But this is where the wonderful world of the allegedly hardcore scream about “skill” and “depth”, and “rubber banding”, and all that delicious nonsense, because if you hate “randomization”, and you hate “luck”, then I encourage you to step back into the realm of the Gran Turismos and the Trackmanias, or to continue playing interesting and functional games like the Mario Karts and the F-Zeros in time trial settings, and continue to get what is, without a doubt, the absolutely most boring racing videogame experience ever assembled, and continue to compete against yourself, in the modes with the fewest moving parts, and the most optimal routes, the modes where the game does not get in the way of the player. Genuine experts want every second to remain tense, because they know it is the tension and variance being created by the weapons, by the obstacles, by the hazards, that makes it worth shooting down the same tracks over and over, with the threat that one bad move could ruin your day. Because most (if not all) of the very best multiplayer games, and most of our great videogames, and even the big game of life itself, all have a common bond: When things go to shit, do you have a backup plan? Until Super Mario Kart hit the scene, no racing game had convincingly answered that question.
And what must also be emphasized here is that, yes, you can find the individual elements of Super Mario Kart within a number of games leading to its inception, but it is the totality of the experience, combined with the then-unprecedented use of its completely over-the-wall theme that was absolutely necessary to go beyond the limits, and a completeness of atmosphere, that got the game its rightful place in history, got the entire videogame industry scrambling to figure out how they could one-up Mario Kart, and spawned an entire subgenre of “Kart” racers, all looking to cash in on that slice of the pie.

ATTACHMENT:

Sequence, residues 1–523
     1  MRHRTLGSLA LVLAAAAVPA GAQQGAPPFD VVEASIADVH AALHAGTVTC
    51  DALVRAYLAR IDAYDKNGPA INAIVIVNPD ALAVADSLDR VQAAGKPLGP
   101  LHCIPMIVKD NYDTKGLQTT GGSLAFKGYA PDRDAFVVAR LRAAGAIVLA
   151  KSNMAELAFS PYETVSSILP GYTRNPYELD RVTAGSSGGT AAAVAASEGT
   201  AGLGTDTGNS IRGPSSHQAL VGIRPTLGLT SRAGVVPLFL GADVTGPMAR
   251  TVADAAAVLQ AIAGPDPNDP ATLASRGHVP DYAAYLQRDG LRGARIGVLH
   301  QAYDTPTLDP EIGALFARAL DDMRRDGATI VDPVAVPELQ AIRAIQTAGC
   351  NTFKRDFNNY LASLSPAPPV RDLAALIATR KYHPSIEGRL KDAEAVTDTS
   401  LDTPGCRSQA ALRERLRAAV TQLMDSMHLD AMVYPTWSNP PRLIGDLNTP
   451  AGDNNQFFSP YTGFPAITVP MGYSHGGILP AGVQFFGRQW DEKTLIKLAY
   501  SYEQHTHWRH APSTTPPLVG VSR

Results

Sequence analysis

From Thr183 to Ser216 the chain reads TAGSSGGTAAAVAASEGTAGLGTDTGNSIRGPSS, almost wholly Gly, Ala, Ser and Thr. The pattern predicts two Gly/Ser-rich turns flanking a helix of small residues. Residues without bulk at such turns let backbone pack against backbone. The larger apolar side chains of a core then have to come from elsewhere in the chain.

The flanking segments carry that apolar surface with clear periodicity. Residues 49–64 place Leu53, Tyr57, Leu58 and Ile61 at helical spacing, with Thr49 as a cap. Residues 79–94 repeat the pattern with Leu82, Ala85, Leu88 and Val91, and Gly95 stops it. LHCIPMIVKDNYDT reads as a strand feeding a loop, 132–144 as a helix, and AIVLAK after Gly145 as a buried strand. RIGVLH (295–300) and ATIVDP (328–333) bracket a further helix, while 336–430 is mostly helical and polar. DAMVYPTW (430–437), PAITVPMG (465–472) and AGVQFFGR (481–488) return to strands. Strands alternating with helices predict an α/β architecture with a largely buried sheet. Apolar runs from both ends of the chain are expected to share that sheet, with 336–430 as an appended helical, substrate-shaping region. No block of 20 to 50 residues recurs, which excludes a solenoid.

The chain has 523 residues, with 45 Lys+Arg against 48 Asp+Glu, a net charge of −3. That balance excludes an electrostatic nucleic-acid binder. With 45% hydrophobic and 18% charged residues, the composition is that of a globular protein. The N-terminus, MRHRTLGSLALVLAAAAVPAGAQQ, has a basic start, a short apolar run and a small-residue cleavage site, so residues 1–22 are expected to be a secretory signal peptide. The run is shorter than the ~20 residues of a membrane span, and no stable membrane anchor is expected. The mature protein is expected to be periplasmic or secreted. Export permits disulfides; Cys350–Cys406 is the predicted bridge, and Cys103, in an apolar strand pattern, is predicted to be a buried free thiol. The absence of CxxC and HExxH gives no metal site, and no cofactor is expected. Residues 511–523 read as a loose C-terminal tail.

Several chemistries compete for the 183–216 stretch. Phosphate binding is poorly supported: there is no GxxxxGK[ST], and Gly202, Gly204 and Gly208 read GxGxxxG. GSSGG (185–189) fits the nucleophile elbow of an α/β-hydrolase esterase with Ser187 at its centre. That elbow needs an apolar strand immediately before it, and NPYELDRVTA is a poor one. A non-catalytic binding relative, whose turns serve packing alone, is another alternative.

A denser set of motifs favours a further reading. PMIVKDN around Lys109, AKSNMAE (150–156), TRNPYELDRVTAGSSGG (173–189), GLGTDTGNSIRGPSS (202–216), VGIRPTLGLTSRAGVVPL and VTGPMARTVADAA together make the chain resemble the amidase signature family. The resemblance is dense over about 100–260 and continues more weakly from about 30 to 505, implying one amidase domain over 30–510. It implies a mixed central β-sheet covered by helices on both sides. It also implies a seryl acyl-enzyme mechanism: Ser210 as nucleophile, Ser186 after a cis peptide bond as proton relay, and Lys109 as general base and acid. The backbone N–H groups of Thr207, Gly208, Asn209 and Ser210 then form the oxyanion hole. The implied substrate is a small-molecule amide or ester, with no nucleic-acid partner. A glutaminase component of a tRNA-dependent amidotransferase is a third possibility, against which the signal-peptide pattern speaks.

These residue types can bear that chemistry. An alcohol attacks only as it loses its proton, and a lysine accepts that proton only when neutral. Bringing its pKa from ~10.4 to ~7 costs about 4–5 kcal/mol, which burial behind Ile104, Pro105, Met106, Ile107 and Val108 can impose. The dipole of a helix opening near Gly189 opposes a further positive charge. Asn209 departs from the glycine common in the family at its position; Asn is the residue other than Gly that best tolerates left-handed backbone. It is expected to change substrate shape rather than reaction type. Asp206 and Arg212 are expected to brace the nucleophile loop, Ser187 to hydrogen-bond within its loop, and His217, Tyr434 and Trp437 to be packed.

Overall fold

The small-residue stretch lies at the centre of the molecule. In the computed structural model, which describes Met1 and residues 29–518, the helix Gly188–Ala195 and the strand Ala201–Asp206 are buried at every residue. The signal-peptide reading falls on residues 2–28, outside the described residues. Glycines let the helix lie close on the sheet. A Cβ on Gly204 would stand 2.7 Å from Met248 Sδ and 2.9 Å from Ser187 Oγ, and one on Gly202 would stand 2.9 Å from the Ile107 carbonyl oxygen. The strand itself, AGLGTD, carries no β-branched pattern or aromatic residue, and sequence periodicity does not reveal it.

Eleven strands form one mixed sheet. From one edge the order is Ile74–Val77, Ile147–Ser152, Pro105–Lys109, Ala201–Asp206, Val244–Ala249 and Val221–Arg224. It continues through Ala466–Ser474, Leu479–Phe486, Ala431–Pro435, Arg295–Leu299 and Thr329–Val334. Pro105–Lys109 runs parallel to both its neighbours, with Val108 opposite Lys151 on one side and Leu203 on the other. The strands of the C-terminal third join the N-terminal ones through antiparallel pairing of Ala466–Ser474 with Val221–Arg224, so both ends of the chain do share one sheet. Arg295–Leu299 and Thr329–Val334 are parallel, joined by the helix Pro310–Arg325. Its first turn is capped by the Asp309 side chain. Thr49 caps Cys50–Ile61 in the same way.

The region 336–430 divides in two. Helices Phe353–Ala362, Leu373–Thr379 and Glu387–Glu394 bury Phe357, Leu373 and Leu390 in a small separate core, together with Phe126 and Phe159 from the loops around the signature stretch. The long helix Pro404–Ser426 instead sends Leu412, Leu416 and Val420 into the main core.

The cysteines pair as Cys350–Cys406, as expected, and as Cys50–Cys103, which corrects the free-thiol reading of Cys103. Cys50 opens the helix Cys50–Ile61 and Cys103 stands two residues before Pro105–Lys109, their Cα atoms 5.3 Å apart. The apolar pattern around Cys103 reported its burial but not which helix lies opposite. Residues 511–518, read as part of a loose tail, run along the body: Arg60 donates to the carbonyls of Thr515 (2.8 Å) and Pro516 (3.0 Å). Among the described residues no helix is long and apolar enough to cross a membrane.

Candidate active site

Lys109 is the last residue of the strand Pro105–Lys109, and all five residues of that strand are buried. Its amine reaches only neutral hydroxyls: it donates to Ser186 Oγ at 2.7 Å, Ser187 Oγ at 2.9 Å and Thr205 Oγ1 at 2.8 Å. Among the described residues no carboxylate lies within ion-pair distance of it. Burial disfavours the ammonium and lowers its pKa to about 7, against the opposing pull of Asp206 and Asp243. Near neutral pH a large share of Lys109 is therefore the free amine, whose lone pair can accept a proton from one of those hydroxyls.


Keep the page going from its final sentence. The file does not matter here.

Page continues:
But that’s what the juggernaut Nintendo of the eighties and ninties did, they took their gigantic war chest and built cutting-edge, revolutionary games out of a seeming boredom, built their ideas around their most profitable entity, and with a single blow, the “toy company for children” would send the entire videogame industry scrambling to copycat their newest success. And it should simply speak volumes that nearly every racing videogame worth a shit — even those who have nothing to do with go-kart racing — have either followed in the stead of Super Mario Kart or the lessons that the game was preaching, whether played in the “realistic” venues of the Burnout series, the futuristic venues of Wipeout and the later F-Zero titles, and the countless games that downright stole the ideas and applied them to their own mascots. The entire aim and goal of the racing game genre now points towards every single thing that Super Mario Kart innovated. One game to start them all. And that, my friends, is history.